Leading law firm in crisis talks to protect staff in Ukraine and Russia

One of the world’s biggest law firms is scrambling to protect its staff in Ukraine and Russia amid growing fears of war in Europe.

Senior Baker McKenzie executives met Thursday night to discuss the current situation in the region and how to respond amid fears of an imminent Russian invasion, according to a source familiar with the talks.

It came as Italian lender Unicredit pulled out of a possible takeover of Otkritie, a Russian bank, and city sources raised concerns that sanctions against Moscow risked having unforeseen consequences for international finance.

Baker McKenzie employs over 100 people in three offices in Kyiv, Moscow and St. Petersburg.

A spokesperson said the law firm’s priority is to ensure its employees in these offices are ‘safe and healthy’, but the Telegraph understands there are currently no plans to withdraw country staff.

Tensions between Russia and Ukraine continue to rise, while the West has stressed that “all options are on the table” in terms of imposing sanctions on Russia.

On Wednesday, the US Embassy in Kyiv urged US citizens in Ukraine to leave the country.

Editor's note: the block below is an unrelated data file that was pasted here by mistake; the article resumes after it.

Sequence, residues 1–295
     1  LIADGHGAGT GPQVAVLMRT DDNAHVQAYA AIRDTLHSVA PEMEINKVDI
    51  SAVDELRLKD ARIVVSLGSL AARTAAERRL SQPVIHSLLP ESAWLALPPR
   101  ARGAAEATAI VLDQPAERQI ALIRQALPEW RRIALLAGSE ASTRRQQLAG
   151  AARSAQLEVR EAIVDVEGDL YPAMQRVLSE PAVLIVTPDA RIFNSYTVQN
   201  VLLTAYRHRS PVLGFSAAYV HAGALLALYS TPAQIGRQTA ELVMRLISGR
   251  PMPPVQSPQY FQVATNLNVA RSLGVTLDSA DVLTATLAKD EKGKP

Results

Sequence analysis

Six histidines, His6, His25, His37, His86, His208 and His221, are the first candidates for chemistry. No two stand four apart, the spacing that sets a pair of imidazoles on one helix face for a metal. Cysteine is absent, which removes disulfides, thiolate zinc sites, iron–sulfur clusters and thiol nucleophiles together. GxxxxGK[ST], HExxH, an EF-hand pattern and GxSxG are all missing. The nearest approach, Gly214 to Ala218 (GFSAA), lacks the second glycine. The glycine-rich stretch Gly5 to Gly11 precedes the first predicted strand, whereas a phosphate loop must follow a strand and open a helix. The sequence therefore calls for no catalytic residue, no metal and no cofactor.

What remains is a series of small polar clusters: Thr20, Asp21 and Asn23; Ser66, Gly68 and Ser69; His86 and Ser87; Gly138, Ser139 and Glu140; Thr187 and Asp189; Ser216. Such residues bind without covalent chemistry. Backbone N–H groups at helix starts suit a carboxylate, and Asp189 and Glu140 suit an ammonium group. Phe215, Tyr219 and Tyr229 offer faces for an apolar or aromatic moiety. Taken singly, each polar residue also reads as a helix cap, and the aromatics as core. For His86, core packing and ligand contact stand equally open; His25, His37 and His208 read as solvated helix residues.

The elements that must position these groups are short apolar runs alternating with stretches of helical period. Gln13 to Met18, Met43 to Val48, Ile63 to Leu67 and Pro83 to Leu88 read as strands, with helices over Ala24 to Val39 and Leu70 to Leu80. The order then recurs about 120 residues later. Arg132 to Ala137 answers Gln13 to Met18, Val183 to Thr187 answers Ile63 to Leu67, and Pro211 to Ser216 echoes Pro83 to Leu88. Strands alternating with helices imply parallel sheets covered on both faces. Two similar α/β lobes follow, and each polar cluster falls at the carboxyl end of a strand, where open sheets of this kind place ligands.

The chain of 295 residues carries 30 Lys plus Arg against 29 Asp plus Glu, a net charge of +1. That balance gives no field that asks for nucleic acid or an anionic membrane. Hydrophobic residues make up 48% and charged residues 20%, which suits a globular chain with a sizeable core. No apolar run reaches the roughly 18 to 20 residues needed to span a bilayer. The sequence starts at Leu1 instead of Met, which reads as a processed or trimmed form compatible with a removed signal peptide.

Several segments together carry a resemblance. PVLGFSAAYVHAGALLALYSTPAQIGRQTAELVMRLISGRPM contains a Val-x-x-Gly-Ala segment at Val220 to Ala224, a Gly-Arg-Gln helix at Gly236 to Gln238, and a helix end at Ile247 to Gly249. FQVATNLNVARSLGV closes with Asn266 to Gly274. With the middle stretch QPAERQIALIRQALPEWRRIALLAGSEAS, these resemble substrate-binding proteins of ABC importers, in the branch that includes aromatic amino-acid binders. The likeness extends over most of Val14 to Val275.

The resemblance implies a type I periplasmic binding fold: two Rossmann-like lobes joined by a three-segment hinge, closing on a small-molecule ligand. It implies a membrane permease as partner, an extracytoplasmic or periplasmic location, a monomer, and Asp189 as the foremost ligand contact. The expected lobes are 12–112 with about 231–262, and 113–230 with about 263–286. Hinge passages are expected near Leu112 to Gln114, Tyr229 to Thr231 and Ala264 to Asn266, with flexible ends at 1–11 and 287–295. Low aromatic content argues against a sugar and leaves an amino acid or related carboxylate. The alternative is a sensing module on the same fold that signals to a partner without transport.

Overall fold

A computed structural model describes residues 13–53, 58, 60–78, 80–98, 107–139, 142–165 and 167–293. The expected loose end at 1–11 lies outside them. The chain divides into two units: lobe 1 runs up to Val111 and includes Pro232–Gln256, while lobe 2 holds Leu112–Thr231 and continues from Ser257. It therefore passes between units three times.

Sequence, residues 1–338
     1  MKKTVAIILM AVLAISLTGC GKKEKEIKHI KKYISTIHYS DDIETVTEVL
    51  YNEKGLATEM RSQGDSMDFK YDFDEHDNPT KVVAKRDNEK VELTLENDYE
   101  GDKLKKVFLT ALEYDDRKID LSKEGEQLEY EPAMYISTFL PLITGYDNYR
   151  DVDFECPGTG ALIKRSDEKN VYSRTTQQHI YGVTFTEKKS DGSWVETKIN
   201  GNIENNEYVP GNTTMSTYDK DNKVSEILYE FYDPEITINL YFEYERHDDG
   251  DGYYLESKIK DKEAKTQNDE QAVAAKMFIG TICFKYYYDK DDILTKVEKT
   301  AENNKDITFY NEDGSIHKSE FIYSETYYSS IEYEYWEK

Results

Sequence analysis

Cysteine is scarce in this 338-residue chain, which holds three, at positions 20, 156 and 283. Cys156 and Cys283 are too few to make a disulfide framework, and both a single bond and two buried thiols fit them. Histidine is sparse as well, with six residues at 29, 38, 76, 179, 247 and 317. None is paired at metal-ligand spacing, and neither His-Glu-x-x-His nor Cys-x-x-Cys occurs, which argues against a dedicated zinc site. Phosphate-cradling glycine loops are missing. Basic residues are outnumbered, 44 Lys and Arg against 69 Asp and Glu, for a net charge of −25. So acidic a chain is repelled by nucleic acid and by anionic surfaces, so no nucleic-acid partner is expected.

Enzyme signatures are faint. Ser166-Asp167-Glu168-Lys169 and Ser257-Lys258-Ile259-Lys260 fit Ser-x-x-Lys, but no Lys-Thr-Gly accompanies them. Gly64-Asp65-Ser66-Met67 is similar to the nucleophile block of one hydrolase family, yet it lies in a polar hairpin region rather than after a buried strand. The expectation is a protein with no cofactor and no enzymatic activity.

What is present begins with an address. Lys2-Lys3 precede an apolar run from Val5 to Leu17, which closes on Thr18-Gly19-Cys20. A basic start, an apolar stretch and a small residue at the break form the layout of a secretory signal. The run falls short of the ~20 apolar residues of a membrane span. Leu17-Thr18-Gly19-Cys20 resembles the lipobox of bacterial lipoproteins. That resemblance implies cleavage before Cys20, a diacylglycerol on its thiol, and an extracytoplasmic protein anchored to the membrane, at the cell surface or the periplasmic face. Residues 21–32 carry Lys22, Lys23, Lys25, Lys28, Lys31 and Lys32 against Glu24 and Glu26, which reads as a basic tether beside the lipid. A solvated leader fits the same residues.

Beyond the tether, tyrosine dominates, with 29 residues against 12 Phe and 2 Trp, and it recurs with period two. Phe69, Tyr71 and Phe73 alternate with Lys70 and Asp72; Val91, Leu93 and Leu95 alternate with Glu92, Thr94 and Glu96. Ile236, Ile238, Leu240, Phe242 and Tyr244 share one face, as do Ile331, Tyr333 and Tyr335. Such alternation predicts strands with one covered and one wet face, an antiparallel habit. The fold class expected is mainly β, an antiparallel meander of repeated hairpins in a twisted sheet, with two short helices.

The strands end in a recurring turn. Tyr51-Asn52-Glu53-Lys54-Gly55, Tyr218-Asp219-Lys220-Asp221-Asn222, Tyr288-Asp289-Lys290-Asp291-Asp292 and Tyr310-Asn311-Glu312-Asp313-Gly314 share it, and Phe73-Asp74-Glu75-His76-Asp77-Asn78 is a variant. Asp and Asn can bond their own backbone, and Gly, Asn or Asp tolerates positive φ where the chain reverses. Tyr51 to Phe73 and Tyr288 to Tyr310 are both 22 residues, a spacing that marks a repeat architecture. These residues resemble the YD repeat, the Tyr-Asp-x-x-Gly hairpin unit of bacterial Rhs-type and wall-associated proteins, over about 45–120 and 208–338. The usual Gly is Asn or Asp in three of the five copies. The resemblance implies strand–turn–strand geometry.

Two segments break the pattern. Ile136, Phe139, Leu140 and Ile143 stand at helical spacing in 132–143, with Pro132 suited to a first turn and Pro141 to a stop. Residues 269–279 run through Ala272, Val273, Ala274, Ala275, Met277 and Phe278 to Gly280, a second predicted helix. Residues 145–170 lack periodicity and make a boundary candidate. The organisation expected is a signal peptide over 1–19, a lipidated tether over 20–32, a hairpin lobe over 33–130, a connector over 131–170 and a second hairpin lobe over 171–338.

Banking sources said the government had launched talks with major international lenders to understand the impact of the sanctions on Russia.

It is understood the government wants to ensure there are no ripple effects for UK businesses. Sources said officials had asked about the impact of applying sanctions on complex financial securities, but an industry insider warned that there are risks involved in taking action affecting finance.

They said: “What will be difficult is when the government starts to get into financial products that they don’t understand. Some of the financial instruments have a long acquisition period – maybe thirty years.

“If those get caught in some kind of punishment, you might have to start untying them.

“Deselecting those would be very complex and there could be unintended consequences and that’s what they’re trying to figure out.”

This follows reports that the UK and EU are preparing to sanction new Russian gas projects if Russia attacks Ukraine.

The plans are backed by the United States and aim to strike a balance between harming a key industry without disrupting current gas flows, the Financial Times reported.

Europe receives around 40% of its gas from Russia. Britain receives little gas directly from the country, but imports from Europe, and prices in Britain closely follow those on the continent.

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